Post by Chris Peterson » Sat Jan 24, 2015 6:46 pm

geckzilla wrote:
Guest wrote:Composite of at least two optical images, as the dirctions of the flare spikes on the right side don't match those on the left.
Hubble archive shows it was imaged several times using the WFPC2 and at no point did any single image cover the whole area. So it makes sense.
The references also say DSS data was used for the visible light components. That's actually photographic data! Not sure how it was used, but it offers more opportunities for different orientation of diffraction spikes.
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Re: APOD: Light from Cygnus A (2015 Jan 24)

Post by geckzilla » Sat Jan 24, 2015 7:01 pm

Chris Peterson wrote:
geckzilla wrote:
Guest wrote:Composite of at least two optical images, as the dirctions of the flare spikes on the right side don't match those on the left.
Hubble archive shows it was imaged several times using the WFPC2 and at no point did any single image cover the whole area. So it makes sense.
The references also say DSS data was used for the visible light components. That's actually photographic data! Not sure how it was used, but it offers more opportunities for different orientation of diffraction spikes.
I think that DSS reference may be a mistake in the text. I'm going to ask someone who should know. I've seen enough DSS data combined with Hubble data to know the difference when I see the two and all I see here are Hubble diffraction patterns.
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Re: APOD: Light from Cygnus A (2015 Jan 24)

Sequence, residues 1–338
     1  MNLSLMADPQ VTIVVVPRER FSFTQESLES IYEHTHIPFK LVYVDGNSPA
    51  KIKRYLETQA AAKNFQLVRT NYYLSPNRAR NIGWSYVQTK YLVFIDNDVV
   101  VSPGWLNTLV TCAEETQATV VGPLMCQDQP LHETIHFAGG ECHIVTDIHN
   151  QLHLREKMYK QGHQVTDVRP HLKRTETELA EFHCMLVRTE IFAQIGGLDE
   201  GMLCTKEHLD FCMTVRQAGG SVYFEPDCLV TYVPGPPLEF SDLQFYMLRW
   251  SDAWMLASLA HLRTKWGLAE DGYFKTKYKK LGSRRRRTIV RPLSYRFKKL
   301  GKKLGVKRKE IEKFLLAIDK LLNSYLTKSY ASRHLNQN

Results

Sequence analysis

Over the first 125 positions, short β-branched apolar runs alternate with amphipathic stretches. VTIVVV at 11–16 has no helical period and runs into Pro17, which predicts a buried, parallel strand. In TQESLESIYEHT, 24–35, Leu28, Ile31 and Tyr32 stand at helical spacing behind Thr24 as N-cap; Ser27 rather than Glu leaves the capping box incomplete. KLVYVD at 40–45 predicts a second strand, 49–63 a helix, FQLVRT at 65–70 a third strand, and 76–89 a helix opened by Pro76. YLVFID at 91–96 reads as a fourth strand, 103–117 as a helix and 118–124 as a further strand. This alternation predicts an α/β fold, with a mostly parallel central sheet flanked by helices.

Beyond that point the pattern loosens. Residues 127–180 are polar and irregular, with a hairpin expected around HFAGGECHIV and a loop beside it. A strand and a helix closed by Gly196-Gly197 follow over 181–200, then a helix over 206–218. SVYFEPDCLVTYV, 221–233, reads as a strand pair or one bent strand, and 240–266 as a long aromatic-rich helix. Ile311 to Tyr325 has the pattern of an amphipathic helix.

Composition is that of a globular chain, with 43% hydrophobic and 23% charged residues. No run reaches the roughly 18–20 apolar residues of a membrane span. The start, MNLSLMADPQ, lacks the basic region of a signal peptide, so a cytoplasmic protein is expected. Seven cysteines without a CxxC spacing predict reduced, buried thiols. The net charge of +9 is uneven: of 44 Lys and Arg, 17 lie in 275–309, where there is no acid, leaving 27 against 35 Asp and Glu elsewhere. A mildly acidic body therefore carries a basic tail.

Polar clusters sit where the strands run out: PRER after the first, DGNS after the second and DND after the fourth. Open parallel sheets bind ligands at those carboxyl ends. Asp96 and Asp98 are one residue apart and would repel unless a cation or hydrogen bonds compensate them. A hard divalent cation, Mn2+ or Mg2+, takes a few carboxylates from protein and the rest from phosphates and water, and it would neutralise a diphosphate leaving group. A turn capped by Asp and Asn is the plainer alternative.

Post by Chris Peterson » Sat Jan 24, 2015 7:12 pm

geckzilla wrote:I think that DSS reference may be a mistake in the text. I'm going to ask someone who should know. I've seen enough DSS data combined with Hubble data to know the difference when I see the two and all I see here are Hubble diffraction patterns.
I wouldn't be surprised. My impression from a casual inspection of the image is that all the optical data came from the same camera (but not the same image). But it's possible there could be a little hole in some corner that got patched out of the DSS dataset, and is so minor as to be largely unnoticeable.
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Re: APOD: Light from Cygnus A (2015 Jan 24)

Post by geckzilla » Sat Jan 24, 2015 7:17 pm

Chris Peterson wrote:
geckzilla wrote:I think that DSS reference may be a mistake in the text. I'm going to ask someone who should know. I've seen enough DSS data combined with Hubble data to know the difference when I see the two and all I see here are Hubble diffraction patterns.
I wouldn't be surprised. My impression from a casual inspection of the image is that all the optical data came from the same camera (but not the same image). But it's possible there could be a little hole in some corner that got patched out of the DSS dataset, and is so minor as to be largely unnoticeable.
I asked Joe DePasquale and he told me the black holes in the corners used to have some blurry DSS data included but then it was removed since it didn't improve the image. The text wasn't updated to reflect that (yet).
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Re: APOD: Light from Cygnus A (2015 Jan 24)